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To answer the starter of this whole thread (is there a chance of a restoration in Russia):

One needs a kingmaker, usually a strong figure able to enforce something in society. An essentially undemocratic institution as a monarchy is most unlikely to be restored out of free will. In 1935 General Georgios Kondylis enforced a restoration of the monarchy in Greece. The same happened in Spain where General Francisco Franco enforced a restoration of the monarchy (with a vacant throne until his death). In 1975 finally Don Juan Carlos de Borbón became King. Kondylis and Franco were dubious figures but powerful enough to enforce such a restoration, believing that this would serve the interests of their countries.

This means that one needs a strong advocate for a monarchy. Viktor Orbán, the powerful Prime Minister in Hungary is such a figure. With his mighty party he can enforce something in Hungarian society. In Russia, a more and more autocratic leader as President Putin, in a combination with Prime Minister Medvedev and Patriach Kirill can enforce a restoration of the monarchy as well.

If any former monarchy has a theoretic chance, then it is Russia, and Hungary. Of course these monarchies will be purely ceremonial, litterally to crown the refound splendour of Russia resp. Hungary, which is a deep zest for their leaderships, as we can see today. For many Putin/Medvedev/Kirill and Orbán are dubious figures but powerful enough -in theory- to enforce such a restoration, believing that this would serve the interests of their countries.

The problem with Russia is the hopeless division within the Romanov family as well the not very clearly outspoken will that any future monarch will only act as a constitutional head of state and be obedient to the Constitution. Only as a ceremonial head of state, there is a chance for a restoration. Those Russian pretenders sadly still have quite conservative and far-fetching ideas about what the role of a Tsar or Tsarina would be.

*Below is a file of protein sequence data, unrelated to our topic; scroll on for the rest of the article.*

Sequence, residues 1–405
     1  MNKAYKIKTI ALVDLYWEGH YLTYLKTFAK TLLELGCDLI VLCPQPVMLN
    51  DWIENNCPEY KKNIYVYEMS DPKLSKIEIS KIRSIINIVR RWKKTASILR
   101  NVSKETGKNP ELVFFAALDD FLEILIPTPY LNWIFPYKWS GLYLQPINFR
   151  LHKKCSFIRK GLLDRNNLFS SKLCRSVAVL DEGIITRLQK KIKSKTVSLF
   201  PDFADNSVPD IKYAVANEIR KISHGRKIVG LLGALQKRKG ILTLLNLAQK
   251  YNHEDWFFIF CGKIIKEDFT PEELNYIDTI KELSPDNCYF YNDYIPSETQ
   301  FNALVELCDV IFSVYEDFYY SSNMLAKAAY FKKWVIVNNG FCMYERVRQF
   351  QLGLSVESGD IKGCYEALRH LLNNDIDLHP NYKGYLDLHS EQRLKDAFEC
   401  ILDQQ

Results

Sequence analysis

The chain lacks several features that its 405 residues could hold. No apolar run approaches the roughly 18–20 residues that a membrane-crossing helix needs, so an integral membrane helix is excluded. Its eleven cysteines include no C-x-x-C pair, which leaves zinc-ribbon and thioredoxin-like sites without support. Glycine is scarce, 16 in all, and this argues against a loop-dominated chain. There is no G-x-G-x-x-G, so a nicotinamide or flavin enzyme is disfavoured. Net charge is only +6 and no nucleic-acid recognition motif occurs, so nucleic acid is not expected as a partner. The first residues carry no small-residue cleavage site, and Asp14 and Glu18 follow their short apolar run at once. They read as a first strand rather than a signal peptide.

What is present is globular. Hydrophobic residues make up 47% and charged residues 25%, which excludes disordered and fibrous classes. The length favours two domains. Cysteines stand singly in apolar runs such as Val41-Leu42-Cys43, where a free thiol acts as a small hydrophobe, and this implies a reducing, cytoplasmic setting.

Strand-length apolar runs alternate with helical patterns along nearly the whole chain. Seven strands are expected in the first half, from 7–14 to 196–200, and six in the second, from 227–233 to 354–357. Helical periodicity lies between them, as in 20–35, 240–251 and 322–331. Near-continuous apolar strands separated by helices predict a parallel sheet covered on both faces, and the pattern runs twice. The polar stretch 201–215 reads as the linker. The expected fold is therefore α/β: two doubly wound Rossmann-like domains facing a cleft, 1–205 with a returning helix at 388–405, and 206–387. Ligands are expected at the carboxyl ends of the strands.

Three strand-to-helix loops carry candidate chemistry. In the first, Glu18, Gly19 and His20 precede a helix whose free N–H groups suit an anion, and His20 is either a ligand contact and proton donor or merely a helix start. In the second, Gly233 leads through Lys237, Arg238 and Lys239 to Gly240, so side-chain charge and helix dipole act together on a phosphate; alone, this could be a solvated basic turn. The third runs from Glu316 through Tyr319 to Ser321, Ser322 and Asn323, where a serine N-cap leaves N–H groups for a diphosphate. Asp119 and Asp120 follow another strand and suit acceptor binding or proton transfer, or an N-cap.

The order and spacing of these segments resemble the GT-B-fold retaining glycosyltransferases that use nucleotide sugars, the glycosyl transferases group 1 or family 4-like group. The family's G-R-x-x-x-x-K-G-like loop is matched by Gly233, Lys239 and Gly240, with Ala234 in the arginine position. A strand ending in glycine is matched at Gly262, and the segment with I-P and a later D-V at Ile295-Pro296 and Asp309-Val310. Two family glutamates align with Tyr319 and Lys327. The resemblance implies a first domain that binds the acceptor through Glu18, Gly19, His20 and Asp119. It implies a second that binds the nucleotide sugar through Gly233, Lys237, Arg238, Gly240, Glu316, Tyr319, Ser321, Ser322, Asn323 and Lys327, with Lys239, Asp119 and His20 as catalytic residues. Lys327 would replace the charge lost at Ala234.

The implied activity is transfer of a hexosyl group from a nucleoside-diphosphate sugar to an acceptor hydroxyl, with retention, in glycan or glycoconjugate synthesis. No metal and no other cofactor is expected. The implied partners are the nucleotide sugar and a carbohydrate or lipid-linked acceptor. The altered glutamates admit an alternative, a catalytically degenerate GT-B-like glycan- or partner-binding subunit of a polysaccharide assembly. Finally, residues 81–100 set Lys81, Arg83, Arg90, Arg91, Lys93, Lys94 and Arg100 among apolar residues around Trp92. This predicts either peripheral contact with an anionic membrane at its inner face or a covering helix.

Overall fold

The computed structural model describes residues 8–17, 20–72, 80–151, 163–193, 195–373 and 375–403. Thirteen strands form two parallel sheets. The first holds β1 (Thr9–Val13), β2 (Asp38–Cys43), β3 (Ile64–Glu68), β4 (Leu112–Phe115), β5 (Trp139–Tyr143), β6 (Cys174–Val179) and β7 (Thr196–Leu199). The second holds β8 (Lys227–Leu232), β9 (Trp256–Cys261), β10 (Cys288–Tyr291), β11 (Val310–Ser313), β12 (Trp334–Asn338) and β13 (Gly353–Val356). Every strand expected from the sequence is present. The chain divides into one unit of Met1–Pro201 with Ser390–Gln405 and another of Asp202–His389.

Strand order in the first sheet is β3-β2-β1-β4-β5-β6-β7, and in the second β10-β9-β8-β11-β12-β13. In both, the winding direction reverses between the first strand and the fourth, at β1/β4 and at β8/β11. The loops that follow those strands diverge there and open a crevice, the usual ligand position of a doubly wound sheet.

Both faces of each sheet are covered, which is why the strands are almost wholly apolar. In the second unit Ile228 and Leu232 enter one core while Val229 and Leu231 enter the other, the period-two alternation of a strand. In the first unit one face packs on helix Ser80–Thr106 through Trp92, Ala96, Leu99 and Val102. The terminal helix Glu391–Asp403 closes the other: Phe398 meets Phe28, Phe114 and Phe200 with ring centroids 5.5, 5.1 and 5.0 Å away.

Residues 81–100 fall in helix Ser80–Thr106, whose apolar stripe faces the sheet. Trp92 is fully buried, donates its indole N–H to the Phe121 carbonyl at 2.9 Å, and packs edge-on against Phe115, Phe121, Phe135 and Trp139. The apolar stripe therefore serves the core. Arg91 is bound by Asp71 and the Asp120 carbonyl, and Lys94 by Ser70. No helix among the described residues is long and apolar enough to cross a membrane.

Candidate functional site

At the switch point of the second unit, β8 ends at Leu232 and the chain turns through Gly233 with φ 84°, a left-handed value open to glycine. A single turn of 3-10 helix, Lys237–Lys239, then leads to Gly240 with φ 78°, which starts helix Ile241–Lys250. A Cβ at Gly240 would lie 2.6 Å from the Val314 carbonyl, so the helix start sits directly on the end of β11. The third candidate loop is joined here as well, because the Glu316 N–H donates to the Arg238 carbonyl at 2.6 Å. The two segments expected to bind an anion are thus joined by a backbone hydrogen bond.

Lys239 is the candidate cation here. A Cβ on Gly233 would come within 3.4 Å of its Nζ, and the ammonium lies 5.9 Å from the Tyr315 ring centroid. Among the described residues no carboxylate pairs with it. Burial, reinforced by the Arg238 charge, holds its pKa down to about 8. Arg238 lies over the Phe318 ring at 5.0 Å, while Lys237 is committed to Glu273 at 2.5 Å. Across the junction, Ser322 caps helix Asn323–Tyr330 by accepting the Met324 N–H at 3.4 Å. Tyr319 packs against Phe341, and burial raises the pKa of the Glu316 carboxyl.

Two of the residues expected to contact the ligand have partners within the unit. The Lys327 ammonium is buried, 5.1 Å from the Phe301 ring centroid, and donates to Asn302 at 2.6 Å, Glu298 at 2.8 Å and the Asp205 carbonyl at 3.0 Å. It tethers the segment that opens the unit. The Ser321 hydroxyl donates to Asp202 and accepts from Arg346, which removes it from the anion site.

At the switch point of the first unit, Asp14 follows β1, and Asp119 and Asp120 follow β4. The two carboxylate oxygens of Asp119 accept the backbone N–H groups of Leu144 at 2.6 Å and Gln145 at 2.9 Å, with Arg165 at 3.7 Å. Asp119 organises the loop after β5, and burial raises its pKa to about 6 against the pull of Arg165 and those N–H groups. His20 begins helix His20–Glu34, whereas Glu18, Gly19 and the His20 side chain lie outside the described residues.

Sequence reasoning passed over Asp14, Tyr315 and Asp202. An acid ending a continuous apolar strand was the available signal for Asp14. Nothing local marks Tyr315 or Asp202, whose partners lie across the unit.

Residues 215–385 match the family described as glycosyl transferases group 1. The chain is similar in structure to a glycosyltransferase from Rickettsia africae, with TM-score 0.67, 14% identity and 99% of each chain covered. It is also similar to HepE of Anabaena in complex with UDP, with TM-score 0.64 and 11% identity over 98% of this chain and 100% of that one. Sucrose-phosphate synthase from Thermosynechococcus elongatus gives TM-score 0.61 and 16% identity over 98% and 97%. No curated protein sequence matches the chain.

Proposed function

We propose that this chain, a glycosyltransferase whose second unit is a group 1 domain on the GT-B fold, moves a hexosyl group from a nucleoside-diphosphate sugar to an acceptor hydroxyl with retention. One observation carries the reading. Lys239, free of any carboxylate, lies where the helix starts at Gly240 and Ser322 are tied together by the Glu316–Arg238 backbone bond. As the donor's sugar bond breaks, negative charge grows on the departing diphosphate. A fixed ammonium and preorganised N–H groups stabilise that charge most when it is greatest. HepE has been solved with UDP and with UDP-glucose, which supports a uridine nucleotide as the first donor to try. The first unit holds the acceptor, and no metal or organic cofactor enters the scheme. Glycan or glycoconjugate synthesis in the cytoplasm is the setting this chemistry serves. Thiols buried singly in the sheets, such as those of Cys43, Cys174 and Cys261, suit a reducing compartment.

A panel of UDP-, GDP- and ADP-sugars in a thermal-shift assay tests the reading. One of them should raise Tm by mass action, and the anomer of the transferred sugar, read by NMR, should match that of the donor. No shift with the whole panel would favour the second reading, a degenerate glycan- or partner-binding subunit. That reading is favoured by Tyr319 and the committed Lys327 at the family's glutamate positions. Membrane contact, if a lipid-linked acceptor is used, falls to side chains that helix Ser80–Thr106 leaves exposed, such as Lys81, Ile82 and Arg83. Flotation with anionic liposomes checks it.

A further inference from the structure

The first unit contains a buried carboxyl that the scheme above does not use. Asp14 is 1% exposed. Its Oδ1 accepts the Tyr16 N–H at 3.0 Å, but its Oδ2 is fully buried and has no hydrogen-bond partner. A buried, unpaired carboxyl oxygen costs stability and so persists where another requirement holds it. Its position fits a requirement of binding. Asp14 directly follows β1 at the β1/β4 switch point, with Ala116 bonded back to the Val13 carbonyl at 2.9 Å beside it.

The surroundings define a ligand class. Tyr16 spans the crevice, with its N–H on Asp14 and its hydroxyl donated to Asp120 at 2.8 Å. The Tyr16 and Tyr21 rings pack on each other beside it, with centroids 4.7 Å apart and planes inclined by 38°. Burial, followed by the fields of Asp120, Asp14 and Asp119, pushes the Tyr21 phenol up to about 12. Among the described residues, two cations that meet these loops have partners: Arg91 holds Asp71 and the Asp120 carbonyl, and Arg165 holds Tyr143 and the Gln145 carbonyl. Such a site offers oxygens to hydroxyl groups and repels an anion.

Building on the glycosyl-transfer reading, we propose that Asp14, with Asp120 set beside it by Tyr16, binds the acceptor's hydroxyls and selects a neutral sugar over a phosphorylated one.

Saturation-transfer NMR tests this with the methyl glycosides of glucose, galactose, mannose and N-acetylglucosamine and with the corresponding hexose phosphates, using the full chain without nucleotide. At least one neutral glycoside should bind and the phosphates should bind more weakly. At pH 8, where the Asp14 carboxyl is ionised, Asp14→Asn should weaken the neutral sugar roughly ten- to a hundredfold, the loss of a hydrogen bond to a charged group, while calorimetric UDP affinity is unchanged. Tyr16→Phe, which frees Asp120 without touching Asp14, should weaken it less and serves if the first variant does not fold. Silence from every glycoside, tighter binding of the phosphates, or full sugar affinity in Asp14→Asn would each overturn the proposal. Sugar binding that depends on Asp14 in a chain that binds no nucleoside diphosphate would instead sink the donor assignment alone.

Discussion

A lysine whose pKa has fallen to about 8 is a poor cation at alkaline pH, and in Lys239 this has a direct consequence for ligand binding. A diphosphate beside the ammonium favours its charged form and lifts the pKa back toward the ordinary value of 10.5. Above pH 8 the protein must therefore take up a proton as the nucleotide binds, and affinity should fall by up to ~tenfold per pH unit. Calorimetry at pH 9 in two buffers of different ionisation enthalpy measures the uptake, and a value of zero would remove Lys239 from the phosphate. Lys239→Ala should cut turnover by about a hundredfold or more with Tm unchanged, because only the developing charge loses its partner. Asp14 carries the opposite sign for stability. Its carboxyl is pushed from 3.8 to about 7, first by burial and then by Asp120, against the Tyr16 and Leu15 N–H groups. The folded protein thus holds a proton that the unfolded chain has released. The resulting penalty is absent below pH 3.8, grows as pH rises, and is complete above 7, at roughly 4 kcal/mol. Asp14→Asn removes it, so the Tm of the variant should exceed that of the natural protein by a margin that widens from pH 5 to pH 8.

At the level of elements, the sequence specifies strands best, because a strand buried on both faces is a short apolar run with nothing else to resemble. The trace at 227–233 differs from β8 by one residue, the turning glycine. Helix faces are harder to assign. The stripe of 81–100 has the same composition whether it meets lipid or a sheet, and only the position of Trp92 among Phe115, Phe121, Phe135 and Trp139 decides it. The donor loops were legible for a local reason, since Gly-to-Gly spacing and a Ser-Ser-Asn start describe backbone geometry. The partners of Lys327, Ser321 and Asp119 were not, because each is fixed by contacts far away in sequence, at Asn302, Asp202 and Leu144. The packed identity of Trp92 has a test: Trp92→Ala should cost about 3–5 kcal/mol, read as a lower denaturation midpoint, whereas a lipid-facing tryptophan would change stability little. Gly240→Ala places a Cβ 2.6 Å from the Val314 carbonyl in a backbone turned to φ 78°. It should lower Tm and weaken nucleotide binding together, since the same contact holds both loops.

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  #909  
Old 04-29-2014, 01:46 PM
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As it has been mentioned earlier, the current crop of the Romanovs had their chance in the 1990s, when the Russian Federation was in political and economic turmoil. The Romanovs lacked a charismatic leader then. They still do not have him/her. I highly doubt that they will find a powerful kingmaker and a moneyed lobby to restore the monarchy.
Personally I do not think that President Putin is as omnipotent as the western media paints him to be. Patriarch Kirill has working relationships with the current Russian government and does not need extra headaches.
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  #910  
Old 04-29-2014, 07:12 PM
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Leiningen was a mediatized house, therefore when Grand Duchess Maria Kirillovna married Karl, Prince of Leiningen it was an equal marriage.
Thank you for that, it is most interesting and helpful.
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  #911  
Old 05-21-2014, 06:10 AM
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Eurohistory: Russia: Sublime Ridiculousness: Tsar Nicholas III

Some Russian monarchists have hailed Prince Carl Emich of Leiningen as the new Head of the Imperial House.
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  #912  
Old 05-23-2014, 09:26 PM
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Lots of nonsense. Makes some kind of news.
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  #913  
Old 08-14-2014, 04:55 PM
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Just wanted to know- Would Russia be better off if the Monarchy was restored?
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  #914  
Old 08-14-2014, 06:07 PM